• find subculture solution - own norms and values inverted from wider society
  • value anti-social and criminal behaviour
  • succeed in deviant behaviour = solves problem of status frustration


  • + explains collective deviance - gang culture
  • + explains reasons for non-utilitarian crime
  • + gain respect from peers and hit back at peers
  • - assumes WC males accept goals of society - but do they? (ritualism and retreatism)
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Subcultures - Cloward and Ohlin - Opportunity Stru

  • explain different types of subculutres
  • agrees with Merton, but responses to strain depend on social environment where the individual grew up
  • different social environments provide different opportunites for deviance

Three types of delinquent subcultures:

  • criminal - area with pre-existing pattern for crime - professional criminal hierarchy
  • conflict - high turnover of population and low social cohesion (often gang violence)
  • retreatist - double failures in both legitimate route and criminal route (drug users)


  • + develops Merton's Strain Theory & Cohen's status frustration theory
  • + shows non-utilitarian deviance
  • + identifies a range of subcultures
  • - tends to box off subcultures and ignores overlap
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Subcultures - Miller - independent subculture and

  • suggests crime + deviance are part of WC subculture which has existed for centuries
  • focal concerns - revolves around central characteristics (mainly males)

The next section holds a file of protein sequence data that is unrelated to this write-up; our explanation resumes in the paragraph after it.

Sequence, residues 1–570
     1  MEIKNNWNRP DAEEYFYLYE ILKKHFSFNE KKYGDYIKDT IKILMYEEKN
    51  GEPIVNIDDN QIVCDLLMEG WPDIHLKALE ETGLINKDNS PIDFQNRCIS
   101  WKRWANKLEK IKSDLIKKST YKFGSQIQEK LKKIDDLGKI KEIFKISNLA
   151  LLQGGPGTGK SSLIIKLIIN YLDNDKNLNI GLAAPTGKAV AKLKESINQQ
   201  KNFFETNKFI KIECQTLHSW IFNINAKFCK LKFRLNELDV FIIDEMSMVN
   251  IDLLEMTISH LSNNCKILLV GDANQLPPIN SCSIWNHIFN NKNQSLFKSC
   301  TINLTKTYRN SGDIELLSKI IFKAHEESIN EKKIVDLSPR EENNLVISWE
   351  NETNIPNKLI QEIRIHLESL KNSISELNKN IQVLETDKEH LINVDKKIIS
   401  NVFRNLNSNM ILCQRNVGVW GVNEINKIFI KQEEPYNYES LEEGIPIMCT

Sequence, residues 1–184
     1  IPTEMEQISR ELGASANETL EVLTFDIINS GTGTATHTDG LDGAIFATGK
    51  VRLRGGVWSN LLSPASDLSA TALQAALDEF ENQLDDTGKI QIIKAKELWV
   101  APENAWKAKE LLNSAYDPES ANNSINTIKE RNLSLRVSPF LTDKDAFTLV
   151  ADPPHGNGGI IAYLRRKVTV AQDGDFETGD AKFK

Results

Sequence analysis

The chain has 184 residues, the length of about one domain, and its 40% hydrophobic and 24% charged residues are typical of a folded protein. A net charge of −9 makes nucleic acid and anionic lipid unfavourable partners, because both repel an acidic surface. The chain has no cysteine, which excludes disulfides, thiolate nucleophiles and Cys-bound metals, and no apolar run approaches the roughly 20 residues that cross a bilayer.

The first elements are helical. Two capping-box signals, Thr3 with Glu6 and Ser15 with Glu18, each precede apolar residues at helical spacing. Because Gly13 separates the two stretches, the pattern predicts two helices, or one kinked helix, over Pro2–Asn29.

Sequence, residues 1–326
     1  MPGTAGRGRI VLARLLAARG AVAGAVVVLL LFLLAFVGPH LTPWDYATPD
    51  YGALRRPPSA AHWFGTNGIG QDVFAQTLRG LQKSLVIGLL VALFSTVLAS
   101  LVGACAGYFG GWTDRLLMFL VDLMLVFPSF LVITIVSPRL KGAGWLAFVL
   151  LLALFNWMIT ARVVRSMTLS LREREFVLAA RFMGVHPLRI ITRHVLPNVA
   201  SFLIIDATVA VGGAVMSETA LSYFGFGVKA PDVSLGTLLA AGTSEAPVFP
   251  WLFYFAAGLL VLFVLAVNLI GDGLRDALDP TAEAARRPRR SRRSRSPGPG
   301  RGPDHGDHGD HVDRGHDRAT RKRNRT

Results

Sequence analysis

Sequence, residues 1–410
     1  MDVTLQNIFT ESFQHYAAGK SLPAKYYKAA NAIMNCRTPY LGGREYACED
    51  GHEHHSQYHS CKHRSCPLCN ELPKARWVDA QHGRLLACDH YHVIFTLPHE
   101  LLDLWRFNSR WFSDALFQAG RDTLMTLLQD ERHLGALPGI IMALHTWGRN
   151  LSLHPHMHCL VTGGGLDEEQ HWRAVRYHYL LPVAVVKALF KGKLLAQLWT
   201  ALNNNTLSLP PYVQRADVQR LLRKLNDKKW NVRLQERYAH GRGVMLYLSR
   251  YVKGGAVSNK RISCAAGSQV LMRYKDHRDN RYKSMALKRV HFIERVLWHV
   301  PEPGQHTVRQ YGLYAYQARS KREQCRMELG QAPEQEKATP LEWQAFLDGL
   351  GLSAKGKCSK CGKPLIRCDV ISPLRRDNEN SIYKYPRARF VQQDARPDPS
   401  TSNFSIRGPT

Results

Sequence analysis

• toughness, masculinity, intelligence, autonomy, violence, freedom
  • these values carry risk of lawbreaking
  • exaggerated in young people who want peer group status
  • not a rejection of values but overconformity to WC subculture
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Criticism of functionalist explanations of crime a

1. Generally assumes a value consensus. Taylor - not everyone is committed to mainstrem values. E.g. some religious sects reject struggle for material possessions

2. Subculture explanations only explain WC delinquency, ignore white-collar and corporate crime

3. Relies on pattern of crime shown in official statistics which are un-representative as not all crime is reported. Makes subcultural theory irrelevant

4. Idea of delinquent subculture implies that WC youths are socialised into + committed to delinquent values. This would require widespread and consistent deliquency which, as Matza points out, doesn't exist

5. Matza stresses similarities between deliquents and mainstream society. Show feelings of remorse and guilt, and generally show feelings of outrage at crime. Techniques of neutralisation - rooted in mainstream values to explain actions as temporary lapses in otherwise conformist behaviour. Shows commitment to mainstream values. Only commit occasional delinquent acts as a short 'drift' to achieve status and excitement before reaching fully independent adulthood.